Fertility Centers of New England

Reading, MA, United States

Fertility Centers of New England

Reading, MA, United States
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News Article | April 17, 2017
Site: www.prweb.com

The Fertility Centers of New England is proud to announce that our own Dr. Joseph A. Hill has been recognized by his peers in NH Magazine as one of the leading Reproductive Endocrinologists and Infertility Specialists in the NH 2017 list of Top Docs. “We feel fortunate to count Dr. Hill among our team of experienced reproductive endocrinologists and infertility specialists,” said Fertility Centers of New England Medical Director, Danielle Vitiello, MD. “His expertise and knowledge together with his dedication to individualized patient-focused care have helped set FCNE apart as one of the premier reproductive treatment centers in the country.” “It is an honor and a privilege to be able to serve those needing advanced reproductive care,” said Dr. Hill. “I am also gratified to have been so recognized by physicians in NH,” he continued. Dr. Joseph Hill is President of the Fertility Centers of New England. He is a world-renowned speaker and expert in reproductive medicine, especially relating to infertility and recurrent pregnancy loss. Dr. Hill completed his post-doctoral fellowship training in Reproductive Endocrinology and Infertility and in Reproductive Immunology at Brigham and Women’s Hospital, Harvard Medical School. Dr. Hill has been awarded several academic scholarships; published more than 150 scientific and clinical papers and textbook chapters; and presented at numerous medical and scientific meetings in 22 countries. He is a member of many professional associations, including the American College of Obstetricians and Gynecologists, the American Gynecological and Obstetrical Society, the Society for Gynecologic Investigation, the American Society for Reproductive Medicine, and the Society for Reproductive Endocrinology and Infertility. Dr. Hill is available to see patients in our Reading, MA, Boston, MA and Portsmouth, NH locations.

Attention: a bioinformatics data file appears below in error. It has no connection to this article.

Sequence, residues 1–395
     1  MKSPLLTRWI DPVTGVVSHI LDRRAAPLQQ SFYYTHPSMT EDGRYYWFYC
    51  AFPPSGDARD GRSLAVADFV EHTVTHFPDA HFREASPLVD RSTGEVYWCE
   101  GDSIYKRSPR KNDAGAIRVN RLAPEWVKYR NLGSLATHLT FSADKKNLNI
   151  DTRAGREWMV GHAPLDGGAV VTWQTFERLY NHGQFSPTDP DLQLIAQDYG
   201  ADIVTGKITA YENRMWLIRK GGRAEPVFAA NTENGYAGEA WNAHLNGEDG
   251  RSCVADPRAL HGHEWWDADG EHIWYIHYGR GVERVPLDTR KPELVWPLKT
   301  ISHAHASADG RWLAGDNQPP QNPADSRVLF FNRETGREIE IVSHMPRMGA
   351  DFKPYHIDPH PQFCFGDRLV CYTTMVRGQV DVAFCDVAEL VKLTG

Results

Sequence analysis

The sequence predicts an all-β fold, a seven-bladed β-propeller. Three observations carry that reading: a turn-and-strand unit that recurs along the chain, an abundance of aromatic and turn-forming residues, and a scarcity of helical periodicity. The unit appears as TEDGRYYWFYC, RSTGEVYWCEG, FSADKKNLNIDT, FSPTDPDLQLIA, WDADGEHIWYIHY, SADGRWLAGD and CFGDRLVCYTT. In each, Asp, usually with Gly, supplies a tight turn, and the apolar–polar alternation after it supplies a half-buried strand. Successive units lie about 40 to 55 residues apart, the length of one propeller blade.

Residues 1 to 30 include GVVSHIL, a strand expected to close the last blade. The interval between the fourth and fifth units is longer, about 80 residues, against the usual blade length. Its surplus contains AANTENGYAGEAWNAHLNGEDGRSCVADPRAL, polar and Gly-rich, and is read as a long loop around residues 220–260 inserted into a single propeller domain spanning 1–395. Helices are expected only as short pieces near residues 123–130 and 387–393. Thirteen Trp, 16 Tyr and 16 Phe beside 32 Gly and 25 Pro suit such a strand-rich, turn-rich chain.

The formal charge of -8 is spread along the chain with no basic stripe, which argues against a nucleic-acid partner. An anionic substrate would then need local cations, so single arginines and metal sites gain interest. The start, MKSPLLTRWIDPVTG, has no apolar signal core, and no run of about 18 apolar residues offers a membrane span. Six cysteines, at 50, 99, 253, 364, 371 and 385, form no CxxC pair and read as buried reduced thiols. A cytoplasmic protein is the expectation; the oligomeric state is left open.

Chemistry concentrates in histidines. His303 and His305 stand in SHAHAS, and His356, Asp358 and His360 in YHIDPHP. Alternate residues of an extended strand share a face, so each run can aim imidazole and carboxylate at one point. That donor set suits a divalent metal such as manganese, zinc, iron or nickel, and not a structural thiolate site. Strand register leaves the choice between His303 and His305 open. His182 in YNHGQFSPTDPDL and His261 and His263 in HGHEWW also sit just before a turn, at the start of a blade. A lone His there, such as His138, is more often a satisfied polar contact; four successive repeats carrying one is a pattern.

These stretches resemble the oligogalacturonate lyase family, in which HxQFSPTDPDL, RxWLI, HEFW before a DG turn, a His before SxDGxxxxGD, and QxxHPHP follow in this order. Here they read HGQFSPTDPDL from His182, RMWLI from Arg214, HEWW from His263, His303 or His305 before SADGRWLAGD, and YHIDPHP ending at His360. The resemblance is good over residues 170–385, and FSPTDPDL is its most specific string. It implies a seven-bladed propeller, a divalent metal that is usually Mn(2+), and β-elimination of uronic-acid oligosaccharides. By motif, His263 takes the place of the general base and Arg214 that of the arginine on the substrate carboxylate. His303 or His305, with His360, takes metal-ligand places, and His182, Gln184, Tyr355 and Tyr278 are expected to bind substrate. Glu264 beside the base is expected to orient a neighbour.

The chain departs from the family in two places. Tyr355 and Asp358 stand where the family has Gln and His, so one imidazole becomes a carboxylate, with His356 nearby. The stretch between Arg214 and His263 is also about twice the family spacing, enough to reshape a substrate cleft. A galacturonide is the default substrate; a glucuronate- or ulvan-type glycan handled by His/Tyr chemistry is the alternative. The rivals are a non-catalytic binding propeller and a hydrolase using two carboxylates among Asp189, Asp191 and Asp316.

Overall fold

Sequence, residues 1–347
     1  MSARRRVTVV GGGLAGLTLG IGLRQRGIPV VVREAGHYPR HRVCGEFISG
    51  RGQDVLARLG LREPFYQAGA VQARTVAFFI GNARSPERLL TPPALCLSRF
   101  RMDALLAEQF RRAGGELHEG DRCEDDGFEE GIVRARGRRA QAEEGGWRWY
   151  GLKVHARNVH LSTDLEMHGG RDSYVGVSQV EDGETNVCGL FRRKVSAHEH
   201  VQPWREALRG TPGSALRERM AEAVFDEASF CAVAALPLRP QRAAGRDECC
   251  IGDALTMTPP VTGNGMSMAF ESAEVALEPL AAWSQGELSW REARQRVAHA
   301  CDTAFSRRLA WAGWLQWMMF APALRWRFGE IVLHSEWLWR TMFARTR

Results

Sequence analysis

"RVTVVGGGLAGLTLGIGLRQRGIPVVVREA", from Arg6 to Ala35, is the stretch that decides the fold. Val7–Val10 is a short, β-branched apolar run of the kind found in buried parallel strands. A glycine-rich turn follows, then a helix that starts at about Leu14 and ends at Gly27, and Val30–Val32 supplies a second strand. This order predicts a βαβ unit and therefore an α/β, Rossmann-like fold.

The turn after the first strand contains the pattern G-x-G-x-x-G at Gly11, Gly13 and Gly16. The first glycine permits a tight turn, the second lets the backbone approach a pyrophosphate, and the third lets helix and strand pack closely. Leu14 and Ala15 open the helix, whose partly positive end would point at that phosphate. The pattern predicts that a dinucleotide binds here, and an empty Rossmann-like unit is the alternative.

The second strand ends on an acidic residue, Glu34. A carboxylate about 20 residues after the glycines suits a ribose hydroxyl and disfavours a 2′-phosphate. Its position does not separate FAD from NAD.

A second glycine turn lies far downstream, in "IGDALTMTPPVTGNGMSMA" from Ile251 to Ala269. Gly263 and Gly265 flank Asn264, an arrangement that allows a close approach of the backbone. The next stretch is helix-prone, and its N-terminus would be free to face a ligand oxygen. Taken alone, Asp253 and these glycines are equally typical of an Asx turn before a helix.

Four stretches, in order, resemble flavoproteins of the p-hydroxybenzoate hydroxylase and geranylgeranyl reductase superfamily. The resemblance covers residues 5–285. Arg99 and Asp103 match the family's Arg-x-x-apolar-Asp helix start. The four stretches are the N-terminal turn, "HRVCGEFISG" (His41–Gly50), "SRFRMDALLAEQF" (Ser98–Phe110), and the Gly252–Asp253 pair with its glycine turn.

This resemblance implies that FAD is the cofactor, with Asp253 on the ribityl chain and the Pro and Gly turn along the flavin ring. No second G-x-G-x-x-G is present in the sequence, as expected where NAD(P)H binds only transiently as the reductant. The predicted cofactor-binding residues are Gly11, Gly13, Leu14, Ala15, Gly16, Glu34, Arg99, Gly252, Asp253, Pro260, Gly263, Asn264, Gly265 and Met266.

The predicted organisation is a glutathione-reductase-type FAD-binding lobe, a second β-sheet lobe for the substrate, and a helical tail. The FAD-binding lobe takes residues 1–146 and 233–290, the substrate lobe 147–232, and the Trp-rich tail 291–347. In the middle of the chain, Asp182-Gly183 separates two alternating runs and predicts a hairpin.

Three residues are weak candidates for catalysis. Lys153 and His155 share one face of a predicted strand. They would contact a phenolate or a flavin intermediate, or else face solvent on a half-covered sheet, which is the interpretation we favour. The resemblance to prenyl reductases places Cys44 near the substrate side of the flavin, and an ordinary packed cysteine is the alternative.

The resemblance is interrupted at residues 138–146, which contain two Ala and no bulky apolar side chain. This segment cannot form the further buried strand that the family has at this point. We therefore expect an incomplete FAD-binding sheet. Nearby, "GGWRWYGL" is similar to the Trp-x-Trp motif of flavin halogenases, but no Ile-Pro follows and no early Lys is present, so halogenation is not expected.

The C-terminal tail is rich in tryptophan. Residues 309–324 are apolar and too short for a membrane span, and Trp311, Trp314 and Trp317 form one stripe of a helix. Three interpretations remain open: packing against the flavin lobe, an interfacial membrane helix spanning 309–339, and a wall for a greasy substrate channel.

Balaban B.,American Hospital | Brison D.,St Marys Hospital | Calderon G.,IVI Barcelona | Catt J.,Optimal IVF | And 18 more authors.
Human Reproduction | Year: 2011

BACKGROUND: Many variations in oocyte and embryo grading make inter-laboratory comparisons extremely difficult. This paper reports the proceedings of an international consensus meeting on oocyte and embryo morphology assessment. Methods Background presentations about current practice were given. Results The expert panel developed a set of consensus points to define the minimum criteria for oocyte and embryo morphology assessment. CONCLUSIONS It is expected that the definition of common terminology and standardization of laboratory practice related to embryo morphology assessment will result in more effective comparisons of treatment outcomes. This document is intended to be referenced as a global consensus to allow standardized reporting of the minimum data set required for the accurate description of embryo development. © The Author 2011. Published by Oxford University Press on behalf of the European Society of Human Reproduction and Embryology. All rights reserved.


Finn A.,Fertility Centers of New England | Scott L.,Fertility Centers of New England | O'Leary T.,Fertility Centers of New England | Davies D.,Fertility Centers of New England | Hill J.,Fertility Centers of New England
Reproductive BioMedicine Online | Year: 2010

The delivery rates of 298 patients having preimplantation genetic diagnosis with aneuploidy screening (PGS) were compared with the delivery rates of 144 PGS patients that cancelled the plan for PGS with embryo transfer on day 2 or day 3. The goal of this study was to compare the impact of embryo de-selection with PGS to embryo selection using sequential embryo scoring (SES) on outcome in poor-prognosis patients. Embryos with good sequential scores were more likely to have a normal PGS result than embryos with poor SES scores (34% versus 12%; P < 0.05). Patients proceeding with PGS had an overall delivery rate of 15% per oocyte retrieval. There was a significant difference in delivery rates between patients with less than six embryos and patients with greater than six embryos (6% versus 19%; P < 0.005). The overall delivery rate for patients having transfers without PGS was 23% (P < 0.05 compared with PGS patients) with no difference between low and good responders. It was concluded that PGS neither enhanced nor impaired delivery rates in high responding poor-prognosis patients yet SES may be more accurate than PGS as a means of selection for low-responding poor-prognosis patients. © 2010, Reproductive Healthcare Ltd. Published by Elsevier Ltd. All rights reserved.


Balaban B.,American Hospital | Brison D.,St Marys Hospital | Calderon G.,IVI Barcelona | Catt J.,Optimal IVF | And 17 more authors.
Reproductive BioMedicine Online | Year: 2011